• If someone you live with shows symptoms you must stay at home for 14 days. The 14 days starts from the first day that someone in the household became ill
  • If during the original 14-day isolation period someone in the household displays symptoms, then they must stay at home for 10 days.

Further information about self-isolating is available on the government website.

Shielded people: clinically extremely vulnerable

Some people are at greatest risk of severe illness from COVID-19 due to specific medical conditions. These people are clinically and extremely vulnerable and were advised to take extra precautions during the peak of the pandemic. This is known as ‘shielding’.

The government is advising that you do not need to shield at the moment as the transmission of coronavirus in the community has fallen significantly. This means:

  • you do not need to follow previous shielding advice
  • you can go to work if your workplace is Covid-secure, but should work from home if possible
  • clinically extremely vulnerable children should attend education settings
  • you can go outside but should try to keep overall social interactions low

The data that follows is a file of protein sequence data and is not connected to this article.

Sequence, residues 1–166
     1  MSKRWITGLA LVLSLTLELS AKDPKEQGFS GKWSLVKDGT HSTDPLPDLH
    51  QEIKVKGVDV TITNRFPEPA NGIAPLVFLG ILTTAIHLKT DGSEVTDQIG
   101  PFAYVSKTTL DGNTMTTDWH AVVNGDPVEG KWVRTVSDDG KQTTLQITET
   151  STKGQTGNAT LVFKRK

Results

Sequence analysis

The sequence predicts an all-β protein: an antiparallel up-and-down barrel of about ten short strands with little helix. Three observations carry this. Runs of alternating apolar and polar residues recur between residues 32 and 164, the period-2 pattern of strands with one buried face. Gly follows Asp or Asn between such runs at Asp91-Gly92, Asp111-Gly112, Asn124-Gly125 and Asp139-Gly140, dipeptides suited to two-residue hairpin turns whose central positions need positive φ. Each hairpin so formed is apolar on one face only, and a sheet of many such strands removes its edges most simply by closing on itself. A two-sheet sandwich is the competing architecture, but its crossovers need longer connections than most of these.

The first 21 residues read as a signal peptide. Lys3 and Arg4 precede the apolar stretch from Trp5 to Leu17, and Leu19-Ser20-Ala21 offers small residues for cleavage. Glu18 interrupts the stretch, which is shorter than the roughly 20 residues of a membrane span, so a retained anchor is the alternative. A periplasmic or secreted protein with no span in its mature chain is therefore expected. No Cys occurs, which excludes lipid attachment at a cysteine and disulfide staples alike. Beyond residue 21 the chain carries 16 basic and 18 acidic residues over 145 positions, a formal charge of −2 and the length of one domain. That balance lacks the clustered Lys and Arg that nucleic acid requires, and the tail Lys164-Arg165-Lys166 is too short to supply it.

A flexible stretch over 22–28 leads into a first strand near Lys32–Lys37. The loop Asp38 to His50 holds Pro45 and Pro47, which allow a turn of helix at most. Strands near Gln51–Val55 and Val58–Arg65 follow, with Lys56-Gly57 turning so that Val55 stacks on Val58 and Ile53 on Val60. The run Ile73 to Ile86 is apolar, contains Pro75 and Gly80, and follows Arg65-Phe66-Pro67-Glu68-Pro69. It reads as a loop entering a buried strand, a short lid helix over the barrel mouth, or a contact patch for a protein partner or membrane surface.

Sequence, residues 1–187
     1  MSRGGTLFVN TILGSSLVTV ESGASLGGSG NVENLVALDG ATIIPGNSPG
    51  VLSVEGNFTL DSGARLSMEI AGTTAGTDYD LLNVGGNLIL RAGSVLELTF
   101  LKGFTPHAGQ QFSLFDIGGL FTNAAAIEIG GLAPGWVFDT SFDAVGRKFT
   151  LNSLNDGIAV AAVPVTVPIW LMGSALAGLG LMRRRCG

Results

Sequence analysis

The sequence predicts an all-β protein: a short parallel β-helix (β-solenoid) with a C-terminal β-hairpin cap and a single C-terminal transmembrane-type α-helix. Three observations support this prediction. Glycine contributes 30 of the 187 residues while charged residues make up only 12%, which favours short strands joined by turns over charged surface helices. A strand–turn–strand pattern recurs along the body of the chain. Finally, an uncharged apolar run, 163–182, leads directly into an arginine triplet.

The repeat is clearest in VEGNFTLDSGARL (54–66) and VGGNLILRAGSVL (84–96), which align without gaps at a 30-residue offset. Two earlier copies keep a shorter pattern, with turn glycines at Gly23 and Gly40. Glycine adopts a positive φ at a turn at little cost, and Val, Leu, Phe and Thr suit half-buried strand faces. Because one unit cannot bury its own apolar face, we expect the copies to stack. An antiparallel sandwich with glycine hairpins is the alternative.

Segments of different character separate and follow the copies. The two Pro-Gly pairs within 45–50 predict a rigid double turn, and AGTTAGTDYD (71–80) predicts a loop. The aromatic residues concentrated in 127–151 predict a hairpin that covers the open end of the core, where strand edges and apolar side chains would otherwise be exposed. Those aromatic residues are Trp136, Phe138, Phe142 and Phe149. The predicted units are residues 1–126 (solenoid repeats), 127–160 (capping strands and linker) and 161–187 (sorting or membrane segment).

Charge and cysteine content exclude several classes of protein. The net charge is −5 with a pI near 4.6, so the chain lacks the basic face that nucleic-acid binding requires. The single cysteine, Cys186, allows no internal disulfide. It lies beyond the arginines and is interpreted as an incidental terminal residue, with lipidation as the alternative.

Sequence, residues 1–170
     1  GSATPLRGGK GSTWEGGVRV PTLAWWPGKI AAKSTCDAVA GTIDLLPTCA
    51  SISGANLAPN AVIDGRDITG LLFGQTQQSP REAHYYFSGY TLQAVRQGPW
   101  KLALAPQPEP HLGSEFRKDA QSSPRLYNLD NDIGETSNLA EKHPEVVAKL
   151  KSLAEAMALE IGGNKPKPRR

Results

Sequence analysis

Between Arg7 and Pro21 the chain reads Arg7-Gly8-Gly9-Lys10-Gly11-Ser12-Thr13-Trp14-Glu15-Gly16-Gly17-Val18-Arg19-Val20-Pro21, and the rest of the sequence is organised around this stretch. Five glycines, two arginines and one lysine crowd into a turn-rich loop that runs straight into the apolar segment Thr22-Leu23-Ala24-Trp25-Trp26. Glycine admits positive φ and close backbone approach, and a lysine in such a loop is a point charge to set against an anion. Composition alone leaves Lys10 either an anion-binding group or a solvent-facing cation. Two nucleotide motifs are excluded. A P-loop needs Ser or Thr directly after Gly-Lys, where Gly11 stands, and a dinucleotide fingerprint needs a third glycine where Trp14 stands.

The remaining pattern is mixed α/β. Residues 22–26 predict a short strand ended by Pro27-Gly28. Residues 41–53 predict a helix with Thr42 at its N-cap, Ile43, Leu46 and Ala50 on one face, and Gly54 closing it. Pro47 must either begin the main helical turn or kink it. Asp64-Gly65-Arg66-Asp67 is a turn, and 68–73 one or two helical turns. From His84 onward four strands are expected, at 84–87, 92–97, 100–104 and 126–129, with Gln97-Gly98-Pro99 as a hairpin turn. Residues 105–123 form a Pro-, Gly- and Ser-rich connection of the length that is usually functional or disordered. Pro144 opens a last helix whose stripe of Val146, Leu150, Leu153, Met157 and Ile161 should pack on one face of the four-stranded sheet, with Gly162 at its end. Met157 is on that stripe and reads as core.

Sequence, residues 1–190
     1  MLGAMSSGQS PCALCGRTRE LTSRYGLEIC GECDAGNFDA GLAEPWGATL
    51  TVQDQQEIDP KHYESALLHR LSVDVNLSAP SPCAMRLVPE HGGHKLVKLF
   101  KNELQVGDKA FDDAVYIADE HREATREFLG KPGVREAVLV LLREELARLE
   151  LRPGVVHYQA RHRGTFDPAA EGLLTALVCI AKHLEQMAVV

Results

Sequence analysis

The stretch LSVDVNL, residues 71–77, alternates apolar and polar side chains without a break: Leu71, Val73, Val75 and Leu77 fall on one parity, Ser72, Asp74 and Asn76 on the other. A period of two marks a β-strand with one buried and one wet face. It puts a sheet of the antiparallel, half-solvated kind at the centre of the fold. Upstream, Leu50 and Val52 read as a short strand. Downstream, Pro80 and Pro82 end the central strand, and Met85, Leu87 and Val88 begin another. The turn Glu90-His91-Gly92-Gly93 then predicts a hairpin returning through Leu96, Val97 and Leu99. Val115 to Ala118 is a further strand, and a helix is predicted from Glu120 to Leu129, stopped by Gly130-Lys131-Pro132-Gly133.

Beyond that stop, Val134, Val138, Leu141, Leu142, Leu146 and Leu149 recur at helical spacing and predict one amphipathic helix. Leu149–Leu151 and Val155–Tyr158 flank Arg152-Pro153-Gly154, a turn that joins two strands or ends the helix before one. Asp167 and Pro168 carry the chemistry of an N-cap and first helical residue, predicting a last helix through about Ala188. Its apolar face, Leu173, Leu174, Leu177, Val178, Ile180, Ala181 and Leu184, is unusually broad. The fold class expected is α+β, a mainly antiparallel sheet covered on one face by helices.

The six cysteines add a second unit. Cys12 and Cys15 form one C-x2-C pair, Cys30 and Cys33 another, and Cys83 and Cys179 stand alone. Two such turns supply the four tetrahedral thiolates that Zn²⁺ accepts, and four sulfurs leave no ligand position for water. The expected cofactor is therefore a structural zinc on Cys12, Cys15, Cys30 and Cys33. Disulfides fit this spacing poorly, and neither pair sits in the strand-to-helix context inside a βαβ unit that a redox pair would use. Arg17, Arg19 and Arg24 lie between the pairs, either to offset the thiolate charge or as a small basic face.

• you can visit businesses e.g. supermarkets, pubs and shops while keeping 2 meters away from people if possible
  • you should continue to wash your hands carefully
  • you will no longer receive free food parcels, medicine deliveries and basic care from the National Shielding Service

You will still be able to get:

  • volunteer support by contacting your local authority (contact details and further information are available)
  • prescriptions, essential items and food delivered by NHS Volunteer Responders
  • priority slots for supermarket delivered (if you previously registered for free food parcels).

If transmission of COVID-19 increases then you could be advised to shield again. The government will write to you if the advice changes.

If Camden enters local lockdown and you are clinically extremely vulnerable then the government will write to you to advise you to stay at home and shield.

More information about clinically extremely vulnerable people is available.

Clinically vulnerable people

Some people are at higher risk of severe illness from COVID-19 due to particular health conditions.  These people are classified as “clinically vulnerable”.  If you are clinically vulnerable you:

  • can go outside as much as you like but should try to keep social interactions low
  • can visit businesses e.g. supermarkets, pubs and shops whilst keeping 2 meters away from others, of 1 meter plus other precautions
  • should continue to wash your hands carefully and more frequently as usual, and thoroughly clean frequently touched areas of your home and/or workspace.

Guidance for clinically vulnerable people is available.